"I think I'm going to wait one more week for sure to know," he said. "This track has always been a track where the tires give up. I felt like I could race better with guys today than I was able to do in the past. It used to be that you could only get up so close and you were done. There was just nothing you could do. Today, you could move around on the racetrack a little more. You could do things driving-wise to keep yourself close.

"I think the package is working, but I think we're really going to get our first true test of it in Atlanta. ... My gut feeling is that our package is better and it's going to make the racing better for the fans, and they're going to actually get to see us actually be able to race and not have to worry about fuel mileage."

Stewart also had a slight run-in with a trio of fans who somehow managed to get into the press interview room after Sunday's race. Stewart became increasingly annoyed that the fans, who were noticeably out of place in the front row, were talking between themselves while he was answering questions from the media. He finally had enough, stopped and, in typical Stewart fashion, gave them a piece of his mind.

"Are we interrupting you guys? I'm sorry, I didn't know if you wanted for them (the media) to hear something. OK, no worries. Let me finish and then you guys can talk all you want around here."

From sidelines to pit road, part one

Troy Aikman
Aikman
The lure of NASCAR to individuals more commonly associated with professional football continues.

It was announced prior to Sunday's race that a pair of legendary former Dallas Cowboys quarterbacks, Troy Aikman and Roger Staubach, will join forces with Hendrick Motorsports to field a full-time Nextel Cup team in 2005.

The team, known as Hall of Fame Racing, actually formed last year. There's no word on who the team's driver will be, although veteran Trans-Am driver Bill Saunders is also a partner in the ownership group with Staubach and Aikman.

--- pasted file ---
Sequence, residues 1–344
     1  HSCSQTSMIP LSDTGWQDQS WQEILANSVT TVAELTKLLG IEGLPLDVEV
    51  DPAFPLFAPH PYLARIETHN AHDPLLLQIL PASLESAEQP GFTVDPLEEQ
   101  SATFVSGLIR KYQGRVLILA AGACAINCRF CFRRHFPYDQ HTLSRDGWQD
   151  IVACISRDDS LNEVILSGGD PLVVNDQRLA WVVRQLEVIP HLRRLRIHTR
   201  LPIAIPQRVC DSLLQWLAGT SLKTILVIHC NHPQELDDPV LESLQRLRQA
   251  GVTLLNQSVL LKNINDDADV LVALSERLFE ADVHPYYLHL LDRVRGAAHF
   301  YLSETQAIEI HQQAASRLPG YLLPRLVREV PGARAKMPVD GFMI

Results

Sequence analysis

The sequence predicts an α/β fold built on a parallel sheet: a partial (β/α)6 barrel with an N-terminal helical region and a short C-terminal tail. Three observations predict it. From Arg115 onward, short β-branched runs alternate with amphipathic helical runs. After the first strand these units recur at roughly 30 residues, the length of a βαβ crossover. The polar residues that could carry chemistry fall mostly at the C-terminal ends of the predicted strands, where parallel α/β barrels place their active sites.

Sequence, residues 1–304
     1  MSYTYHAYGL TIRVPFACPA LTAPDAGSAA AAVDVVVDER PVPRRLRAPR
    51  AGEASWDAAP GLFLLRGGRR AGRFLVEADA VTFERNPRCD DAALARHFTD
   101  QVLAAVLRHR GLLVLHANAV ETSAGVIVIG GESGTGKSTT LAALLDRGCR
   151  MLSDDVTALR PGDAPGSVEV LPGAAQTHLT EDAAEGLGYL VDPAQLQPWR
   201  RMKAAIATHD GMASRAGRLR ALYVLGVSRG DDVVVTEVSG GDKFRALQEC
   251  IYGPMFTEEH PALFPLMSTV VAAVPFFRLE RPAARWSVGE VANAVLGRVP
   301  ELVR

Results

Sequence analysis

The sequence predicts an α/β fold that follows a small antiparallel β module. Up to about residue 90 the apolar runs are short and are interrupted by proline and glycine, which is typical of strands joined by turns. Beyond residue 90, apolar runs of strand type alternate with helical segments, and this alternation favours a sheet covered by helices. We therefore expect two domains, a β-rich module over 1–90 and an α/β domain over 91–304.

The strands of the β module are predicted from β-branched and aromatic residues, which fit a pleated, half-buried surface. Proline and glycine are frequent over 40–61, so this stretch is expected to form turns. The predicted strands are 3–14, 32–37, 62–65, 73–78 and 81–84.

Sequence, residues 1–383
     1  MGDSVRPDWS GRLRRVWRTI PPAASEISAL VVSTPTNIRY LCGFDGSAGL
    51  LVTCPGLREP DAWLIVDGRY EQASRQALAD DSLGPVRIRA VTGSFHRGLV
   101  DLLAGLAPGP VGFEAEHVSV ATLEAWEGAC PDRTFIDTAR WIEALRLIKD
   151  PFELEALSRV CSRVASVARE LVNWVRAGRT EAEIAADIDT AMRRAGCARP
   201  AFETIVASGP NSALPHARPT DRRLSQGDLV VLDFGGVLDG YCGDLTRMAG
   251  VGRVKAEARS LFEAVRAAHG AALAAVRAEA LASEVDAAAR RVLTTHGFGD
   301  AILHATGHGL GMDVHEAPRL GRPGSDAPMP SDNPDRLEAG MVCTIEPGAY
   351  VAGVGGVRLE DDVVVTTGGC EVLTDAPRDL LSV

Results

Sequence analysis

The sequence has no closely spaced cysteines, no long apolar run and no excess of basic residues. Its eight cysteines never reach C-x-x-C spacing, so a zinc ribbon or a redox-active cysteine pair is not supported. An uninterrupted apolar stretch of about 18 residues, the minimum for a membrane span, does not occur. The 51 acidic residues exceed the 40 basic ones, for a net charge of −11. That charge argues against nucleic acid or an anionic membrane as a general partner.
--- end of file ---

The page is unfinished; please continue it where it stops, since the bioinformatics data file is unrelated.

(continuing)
"I've always been enthusiastic about our entry into NASCAR, but I can honestly say that having the huge hand that is being provided by a man I respect and admire the way I do Rick (Hendrick), well I guess you could say I'm way past enthusiastic," Staubach said.

From sidelines to pit road, part two
Former Denver Broncos quarterback John Elway was a visitor to Chip Ganassi's pit stall prior to Sunday's race. The pair exchanged pleasantries for several minutes.

Ganassi is no stranger to the gridiron world, with former NFL quarterback great Joe Montana having been a minority team owner in Ganassi's open-wheel operation during the 1990s.

Given how friendly they seemed to be together in the pits prior to Sunday's race, not to mention the Staubach-Aikman-Hendrick announcement, one has to wonder if Ganassi might soon be cutting Elway into a piece of his NASCAR operation.

Heard on the P.A.
Robin Leach of "Lifestyles of the Rich and Famous" handled driver introductions prior to Sunday's race. & Singer Robert Goulet raised a few eyebrows with his interpretation of the National Anthem. Rather than singing the entire song, Goulet performed a combination of singing and speaking the words to the song through most of the verses. But he finally sang the last stanza in typical Goulet form.

One of the funnier incidents of the day occurred right after the anthem. Some track officials apparently thought "General Holyfield" was some big military honcho from Nellis Air Force Base, located directly across the road from Las Vegas Motor Speedway.

But any true wrestling fan will tell you General Holyfield is actually a wrestler in the World Wrestling Entertainment (formerly WWF). Holyfield's gravely "Gentlemen, start your engines" drew a huge round of cheers and applause from the estimated 145,000 fans on hand.

Speaking of fans, with the addition of the new 22,000 Earnhardt Terrace in Turn 4, capacity at LVMS has been increased to 145,000 -- with plenty of room left over for seemingly inevitable future expansion, given the increasing popularity this race and Las Vegas has with NASCAR fans.

Vexed Vickers

Brian Vickers
Vickers
Even though he qualified an impressive third for Sunday's race, highly-touted rookie Brian Vickers continues to struggle when it comes to finishing.